Hadrian’s Wall Country offers infinite opportunities for cherished memories and special moments. The sheer scale of the World Heritage Site combined with the four seasons, the living landscape and the people who live, work and visit here mean it is an ever changing canvas. It is where history is accessible to all, where adults and children learn and it is where the Romans are still part of everyday life 1,600 years after they left.

(info: http://www.visithadrianswall.co.uk)

Snowdonia, Gwynedd, Wales

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Situated on the west coast of Britain covering 823 square miles of diverse landscapes, Snowdonia National Park is a living working area, home to over 26,000 people. As well as being the largest National Park in Wales, Snowdonia boasts the highest mountain in England and Wales, and the largest natural lake in Wales, as well as a wealth of picturesque villages like Betws y Coed and Beddgelert. Snowdonia is an area steeped in culture and local history, where more than half its population speak Welsh.

Snowdonia attracts thousands of visitors each year who enjoy its amazing landscapes and the wealth of outdoor activities on offer. The National Park Authority’s aims are to conserve and enhance the natural beauty, wildlife and cultural heritage of the area; promote opportunities to understand and enjoy its special qualities; and to foster the economic and social wellbeing of its communities.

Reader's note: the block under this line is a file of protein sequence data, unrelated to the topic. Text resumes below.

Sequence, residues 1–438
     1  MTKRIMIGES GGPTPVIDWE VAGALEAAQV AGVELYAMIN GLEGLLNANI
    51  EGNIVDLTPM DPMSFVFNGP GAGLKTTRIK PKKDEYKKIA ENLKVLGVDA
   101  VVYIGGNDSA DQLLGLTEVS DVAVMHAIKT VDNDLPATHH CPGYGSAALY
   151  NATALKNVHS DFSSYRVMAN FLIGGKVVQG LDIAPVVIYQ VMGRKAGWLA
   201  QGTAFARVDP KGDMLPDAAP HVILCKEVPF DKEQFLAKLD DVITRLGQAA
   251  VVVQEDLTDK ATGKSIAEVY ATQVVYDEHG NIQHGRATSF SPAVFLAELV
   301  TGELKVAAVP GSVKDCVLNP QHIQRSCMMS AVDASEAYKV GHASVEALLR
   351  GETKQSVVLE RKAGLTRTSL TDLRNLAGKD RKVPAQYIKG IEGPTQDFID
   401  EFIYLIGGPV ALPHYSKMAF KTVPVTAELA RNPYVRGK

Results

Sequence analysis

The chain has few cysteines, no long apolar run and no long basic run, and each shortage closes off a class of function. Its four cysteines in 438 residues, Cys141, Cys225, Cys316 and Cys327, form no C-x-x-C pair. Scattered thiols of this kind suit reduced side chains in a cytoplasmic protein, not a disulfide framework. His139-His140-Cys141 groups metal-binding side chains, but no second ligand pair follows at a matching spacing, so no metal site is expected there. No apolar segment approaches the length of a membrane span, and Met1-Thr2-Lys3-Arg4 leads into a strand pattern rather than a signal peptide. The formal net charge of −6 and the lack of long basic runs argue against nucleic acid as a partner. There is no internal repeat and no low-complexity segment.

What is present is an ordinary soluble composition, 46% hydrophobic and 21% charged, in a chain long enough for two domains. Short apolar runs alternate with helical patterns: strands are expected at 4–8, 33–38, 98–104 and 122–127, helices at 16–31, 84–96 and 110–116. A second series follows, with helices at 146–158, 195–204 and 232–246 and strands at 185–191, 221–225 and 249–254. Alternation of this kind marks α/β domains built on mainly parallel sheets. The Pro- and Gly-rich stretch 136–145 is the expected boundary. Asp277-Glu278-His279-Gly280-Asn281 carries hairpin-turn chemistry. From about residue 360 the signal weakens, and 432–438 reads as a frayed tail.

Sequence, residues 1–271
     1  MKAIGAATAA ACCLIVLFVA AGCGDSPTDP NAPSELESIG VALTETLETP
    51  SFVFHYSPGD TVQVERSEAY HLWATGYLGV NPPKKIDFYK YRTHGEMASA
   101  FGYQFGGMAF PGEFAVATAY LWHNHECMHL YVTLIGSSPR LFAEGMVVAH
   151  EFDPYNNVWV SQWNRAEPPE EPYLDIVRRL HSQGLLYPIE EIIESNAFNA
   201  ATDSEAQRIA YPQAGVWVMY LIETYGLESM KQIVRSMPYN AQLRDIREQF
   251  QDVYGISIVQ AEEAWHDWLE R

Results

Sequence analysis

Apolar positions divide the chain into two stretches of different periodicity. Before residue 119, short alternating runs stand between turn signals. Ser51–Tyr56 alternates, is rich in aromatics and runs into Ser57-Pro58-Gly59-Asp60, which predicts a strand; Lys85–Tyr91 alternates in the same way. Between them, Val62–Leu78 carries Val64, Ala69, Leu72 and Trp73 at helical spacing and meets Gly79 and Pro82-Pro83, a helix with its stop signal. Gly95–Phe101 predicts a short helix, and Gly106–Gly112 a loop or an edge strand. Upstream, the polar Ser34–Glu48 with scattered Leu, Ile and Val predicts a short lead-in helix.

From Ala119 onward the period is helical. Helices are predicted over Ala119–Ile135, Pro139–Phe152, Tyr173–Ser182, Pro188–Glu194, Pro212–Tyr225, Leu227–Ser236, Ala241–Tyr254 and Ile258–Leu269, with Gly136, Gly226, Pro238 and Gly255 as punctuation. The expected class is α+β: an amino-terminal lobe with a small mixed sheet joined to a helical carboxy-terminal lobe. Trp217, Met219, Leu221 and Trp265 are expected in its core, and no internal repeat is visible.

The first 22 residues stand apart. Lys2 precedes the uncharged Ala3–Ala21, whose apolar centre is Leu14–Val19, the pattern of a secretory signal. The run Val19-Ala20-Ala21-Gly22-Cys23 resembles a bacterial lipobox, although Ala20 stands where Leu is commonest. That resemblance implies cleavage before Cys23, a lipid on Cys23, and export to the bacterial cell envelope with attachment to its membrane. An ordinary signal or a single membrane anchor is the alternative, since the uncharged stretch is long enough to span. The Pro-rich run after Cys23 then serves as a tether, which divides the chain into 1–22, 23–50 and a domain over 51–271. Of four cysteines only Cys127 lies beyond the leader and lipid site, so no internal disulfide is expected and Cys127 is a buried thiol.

Snowdonia, the mountainous heart of southern Britain, is one of the UK’s most popular destinations for hiking and outdoor holidays. But there’s more to this region than craters and crags. It’s blessed with some of the most beautiful coastal scenery in Wales, on the Llŷn Peninsula and Cambrian Coastline. And its reputation for fine dining using Welsh meat, fish and cheese is growing all the time.

(info: http://www.visitwales.com/explore/north-wales/snowdonia-mountains-coasthttp://www.visitsnowdonia.info)

Stonehenge, Wiltshire

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Walk in the footsteps of your Neolithic ancestors at Stonehenge – one of the wonders of the world and the best-known prehistoric monument in Europe. Explore the ancient landscape on foot and step inside the Neolithic Houses to discover the tools and objects of everyday Neolithic life. Visit the world-class exhibition and visitor centre with 250 ancient objects and come face to face with a 5,500 year-old man.

Stonehenge is perhaps the world’s most famous prehistoric monument. It was built in several stages: the first monument was an early henge monument, built about 5,000 years ago, and the unique stone circle was erected in the late Neolithic period about 2500 BC. In the early Bronze Age many burial mounds were built nearby. Today, along with Avebury, it forms the heart of a World Heritage Site, with a unique concentration of prehistoric monuments.

(info: http://www.english-heritage.org.uk/visit/places/stonehenge/history/ & http://www.english-heritage.org.uk/visit/places/stonehenge/)

The Angel of The North, Gateshead

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Since spreading its wings in February 1998, Antony Gormley’s The Angel of the North has become one of the most talked about pieces of public art ever produced.

The Angel’s silhouette at the head of the Team Valley now rivals that of the famous Tyne Bridge.

A panoramic hilltop site was chosen where the sculpture would be clearly seen by more than 90,000 drivers a day on the A1 – more than one person every second – and by passengers on the East Coast main line from London to Edinburgh.

The site, a former colliery pithead baths synonymous with Gateshead mining history, was re-claimed as a green landscape during the early 1990s.

(info: http://www.gateshead.gov.uk/Leisure%20and%20Culture/attractions/Angel/Background/Background2.aspx)

That concludes part one. As you can see, some pretty stunning places there, all with their very own good reason why you should visit, explore and experience these places. Stay tuned for Part Two…………………………….